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Civic Roundtable: Celebrating Public Service: SE Summer Fellows Madeleine Smith (MBA 2023) and Austin Boral (MBA 2023)

By: Austin Boral & Madeleine Smith 17 Aug 2022

The HBS Summer Fellows Program enables students to apply their classroom training as they explore career opportunities in roles or regions where compensation is generally lower than the traditional MBA level. This summer, we are connecting with some of our 61 Social Enterprise Summer Fellows, who are working around the world to develop skills and knowledge while having significant responsibility and high impact. 

What are you working on this summer?

This summer, we're focusing on the role of technology and community in making local government more effective and efficient. 

We’re doing this through launching our venture, Civic Roundtable, a community platform for public servants to connect with their peers, share best practices, and ultimately build a more engaged and productive workforce across local government on topics that matter to all of us – from running safe and secure elections to implementing effective child welfare policies. The platform has been designed for and with the 22.5 million public servants working across 90,000 state, local, tribal, and territorial agencies.

We’re starting with Election Administration. Given recent news cycles, the political climate, and alarming rates of election officials exiting the public sector all together, it’s never been a more important time to support those who are protecting democracy, and ensuring our elections are free and fair.

Why did you choose this internship for the summer?

We fundamentally believe that the stakes are high for the future of government - spending is at an all-time high,1 trust in government is at an all-time low,2 and agencies are struggling to engage and retain their talent.3 Investing in the public servants that our most important civic institutions need has never been more critical.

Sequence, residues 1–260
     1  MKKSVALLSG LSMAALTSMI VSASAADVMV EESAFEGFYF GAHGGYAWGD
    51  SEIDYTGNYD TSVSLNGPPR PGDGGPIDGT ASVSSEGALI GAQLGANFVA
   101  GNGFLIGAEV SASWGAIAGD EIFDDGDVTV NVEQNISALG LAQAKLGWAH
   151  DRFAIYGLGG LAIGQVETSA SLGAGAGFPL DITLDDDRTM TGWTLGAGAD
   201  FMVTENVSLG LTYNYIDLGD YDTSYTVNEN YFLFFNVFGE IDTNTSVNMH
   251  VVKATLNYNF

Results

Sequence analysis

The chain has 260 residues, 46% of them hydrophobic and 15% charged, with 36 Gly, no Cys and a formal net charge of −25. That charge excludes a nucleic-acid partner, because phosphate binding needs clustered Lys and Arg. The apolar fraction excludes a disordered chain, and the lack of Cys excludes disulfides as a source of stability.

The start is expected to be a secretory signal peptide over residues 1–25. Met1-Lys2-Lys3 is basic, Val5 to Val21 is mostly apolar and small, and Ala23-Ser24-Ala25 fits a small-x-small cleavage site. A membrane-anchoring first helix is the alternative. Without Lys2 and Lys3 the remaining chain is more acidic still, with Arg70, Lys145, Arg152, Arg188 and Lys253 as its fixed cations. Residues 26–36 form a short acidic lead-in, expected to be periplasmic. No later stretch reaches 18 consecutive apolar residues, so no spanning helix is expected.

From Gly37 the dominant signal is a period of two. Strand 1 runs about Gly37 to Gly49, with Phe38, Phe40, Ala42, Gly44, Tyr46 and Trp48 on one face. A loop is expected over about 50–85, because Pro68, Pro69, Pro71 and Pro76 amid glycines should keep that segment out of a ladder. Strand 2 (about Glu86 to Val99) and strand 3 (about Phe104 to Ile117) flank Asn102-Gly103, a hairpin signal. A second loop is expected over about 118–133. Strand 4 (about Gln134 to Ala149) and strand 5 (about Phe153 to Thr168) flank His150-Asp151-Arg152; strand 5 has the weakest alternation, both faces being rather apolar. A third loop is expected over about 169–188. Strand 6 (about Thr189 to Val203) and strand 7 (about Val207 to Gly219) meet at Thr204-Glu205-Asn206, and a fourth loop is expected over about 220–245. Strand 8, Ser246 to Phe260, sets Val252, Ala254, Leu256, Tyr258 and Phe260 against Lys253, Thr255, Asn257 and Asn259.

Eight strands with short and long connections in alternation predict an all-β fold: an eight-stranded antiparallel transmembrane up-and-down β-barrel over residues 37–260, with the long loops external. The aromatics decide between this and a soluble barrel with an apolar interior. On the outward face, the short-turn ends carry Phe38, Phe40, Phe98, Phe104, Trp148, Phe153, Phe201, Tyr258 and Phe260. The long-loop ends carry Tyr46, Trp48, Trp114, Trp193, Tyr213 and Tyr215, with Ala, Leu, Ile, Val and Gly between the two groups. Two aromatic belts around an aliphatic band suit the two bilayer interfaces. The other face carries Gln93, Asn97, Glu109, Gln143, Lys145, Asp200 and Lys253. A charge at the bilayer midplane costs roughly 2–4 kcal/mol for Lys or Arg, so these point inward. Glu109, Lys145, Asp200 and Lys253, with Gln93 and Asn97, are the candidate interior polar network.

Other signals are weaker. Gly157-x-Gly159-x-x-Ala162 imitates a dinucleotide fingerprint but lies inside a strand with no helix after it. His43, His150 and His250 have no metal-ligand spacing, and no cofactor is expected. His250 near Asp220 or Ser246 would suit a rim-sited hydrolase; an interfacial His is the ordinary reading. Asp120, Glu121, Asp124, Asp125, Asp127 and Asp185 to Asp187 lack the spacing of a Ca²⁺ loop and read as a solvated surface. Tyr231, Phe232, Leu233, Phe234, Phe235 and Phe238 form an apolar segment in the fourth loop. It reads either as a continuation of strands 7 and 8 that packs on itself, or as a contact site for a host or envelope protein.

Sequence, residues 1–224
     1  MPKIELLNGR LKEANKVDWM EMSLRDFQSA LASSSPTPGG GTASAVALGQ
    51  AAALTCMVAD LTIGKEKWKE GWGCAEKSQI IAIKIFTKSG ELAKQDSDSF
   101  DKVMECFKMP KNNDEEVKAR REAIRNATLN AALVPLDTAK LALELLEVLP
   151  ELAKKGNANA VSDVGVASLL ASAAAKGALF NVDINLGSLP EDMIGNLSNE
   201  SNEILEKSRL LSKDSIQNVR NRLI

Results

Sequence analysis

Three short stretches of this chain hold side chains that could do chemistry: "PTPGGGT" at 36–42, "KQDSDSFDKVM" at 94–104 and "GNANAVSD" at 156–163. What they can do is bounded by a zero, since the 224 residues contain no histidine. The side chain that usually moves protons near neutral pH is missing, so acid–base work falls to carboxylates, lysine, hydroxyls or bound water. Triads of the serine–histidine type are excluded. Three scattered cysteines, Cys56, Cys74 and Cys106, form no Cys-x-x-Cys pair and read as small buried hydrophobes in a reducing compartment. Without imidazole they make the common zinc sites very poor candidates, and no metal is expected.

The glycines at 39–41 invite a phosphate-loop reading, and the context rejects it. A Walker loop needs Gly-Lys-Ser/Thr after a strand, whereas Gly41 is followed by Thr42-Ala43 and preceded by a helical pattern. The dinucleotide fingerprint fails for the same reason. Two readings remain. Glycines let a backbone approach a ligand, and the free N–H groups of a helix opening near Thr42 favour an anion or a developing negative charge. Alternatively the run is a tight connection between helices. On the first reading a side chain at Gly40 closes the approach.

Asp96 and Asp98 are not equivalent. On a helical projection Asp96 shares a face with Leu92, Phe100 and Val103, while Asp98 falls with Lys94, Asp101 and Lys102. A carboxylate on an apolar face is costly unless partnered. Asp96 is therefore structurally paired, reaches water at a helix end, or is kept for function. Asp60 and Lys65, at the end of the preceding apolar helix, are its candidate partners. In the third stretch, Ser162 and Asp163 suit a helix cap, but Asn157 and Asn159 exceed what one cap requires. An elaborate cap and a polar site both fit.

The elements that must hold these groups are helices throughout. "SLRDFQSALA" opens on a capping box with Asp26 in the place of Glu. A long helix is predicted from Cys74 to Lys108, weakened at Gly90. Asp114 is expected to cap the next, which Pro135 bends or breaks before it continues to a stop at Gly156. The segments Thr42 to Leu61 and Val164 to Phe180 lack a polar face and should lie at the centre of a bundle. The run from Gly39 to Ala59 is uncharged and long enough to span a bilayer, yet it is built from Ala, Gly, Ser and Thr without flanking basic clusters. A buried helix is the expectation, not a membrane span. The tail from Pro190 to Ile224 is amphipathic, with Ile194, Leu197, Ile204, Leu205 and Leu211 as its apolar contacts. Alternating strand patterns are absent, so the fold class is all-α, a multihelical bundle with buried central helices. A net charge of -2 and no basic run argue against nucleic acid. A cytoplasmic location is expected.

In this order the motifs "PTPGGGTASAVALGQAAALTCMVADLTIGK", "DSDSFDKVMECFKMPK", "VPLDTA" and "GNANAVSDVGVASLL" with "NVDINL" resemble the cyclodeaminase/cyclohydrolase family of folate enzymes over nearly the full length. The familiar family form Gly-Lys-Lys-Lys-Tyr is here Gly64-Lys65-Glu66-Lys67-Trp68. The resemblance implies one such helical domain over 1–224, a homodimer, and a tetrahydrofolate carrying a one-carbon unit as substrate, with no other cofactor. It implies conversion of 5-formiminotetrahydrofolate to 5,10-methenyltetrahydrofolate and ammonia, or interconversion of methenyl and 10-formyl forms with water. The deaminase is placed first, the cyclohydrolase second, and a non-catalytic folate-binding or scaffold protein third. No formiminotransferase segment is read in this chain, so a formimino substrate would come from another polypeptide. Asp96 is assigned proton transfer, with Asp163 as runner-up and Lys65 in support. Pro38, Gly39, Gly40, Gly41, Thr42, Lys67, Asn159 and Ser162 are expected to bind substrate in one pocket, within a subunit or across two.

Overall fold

At the same time, we’re also believers that practitioners have answers grounded in experience and passion. With the right tools in place for public servants to build community, we can also build capacity within our institutions and ultimately drive outcomes that matter to all citizens – like administering free and fair elections, protecting the welfare of our children, and improving the efficacy of government grantmaking programs.

We’re passionate about this problem because we’ve lived it. Together, we’ve worked alongside 150+ local institutions, designed and built technology for public servants, and operated at early-stage startups. Our theory of bottom-up change making in government is informed by these experiences, and by our belief that technology has a critical role to play in solving government collaboration challenges, and that public servants have a critical role to play in developing that technology.

What are your goals for this summer?

This summer, we want to prove what we’ve experienced in our jobs before grad school – that public servants are craving a space to connect on the granular topics that impact their daily work, and that a dedicated platform is the best way to make it happen.

We’re starting with a narrow focus in the Election Administration space through a fully integrated ecosystem of state agencies, associations, think tanks, and nonprofits and technical assistance providers who support the work of election officials across the country.

By the end of the summer, we hope to broaden our focus to other important topics in state & local communities – including child welfare, crisis intervention, behavioral health, and public safety more generally.

How has your MBA skillset prepared you to be successful in this role?

Our joint-degree (MBA/MPP) skill sets have been critical to our success in starting a venture at the intersection of the public and private sectors. Last year, our work with Harvard Kennedy School’s Defending Digital Democracy and Technology and Public Purpose projects allowed us to sharpen our subject matter expertise in the policy domains we are launching our product within. This past year, our experience with Harvard Innovation Labs’ Venture Program and the Social Enterprise Initiative’s Rising Leaders for Social Impact Forum exposed us to peers, professors, alumni, and advisors that are tackling different challenges in similar ways.

How has the summer influenced your thinking on future involvement in social enterprise?

Our experience has validated the urgency of our problem statement, the timeliness of our product, and the meaning of our work. Focusing on demand validation and product testing over the past year has allowed us to focus on product-market fit this summer. After launching our MVP in three states in June, we’re hitting the road in July to meet our users and partners where they are. We’re also attending a handful of conferences within the Election Administration and Local Government industries to meet with and learn from government executives, administrators, experts, and academics.

Yet throughout these experiences, it has been our ongoing conversations with frontline government workers that has taught us more about our work and about our world than anything else. Serving public servants is why we do what we do, and why we are beyond excited to officially launch this summer.

How can someone learn more about your organization?

Check out our website and blog, and join our mailing list!


[1]   Urban Institute, The White House

[2]   Pew Research Center, Gallup

[3]    Deloitte, OPM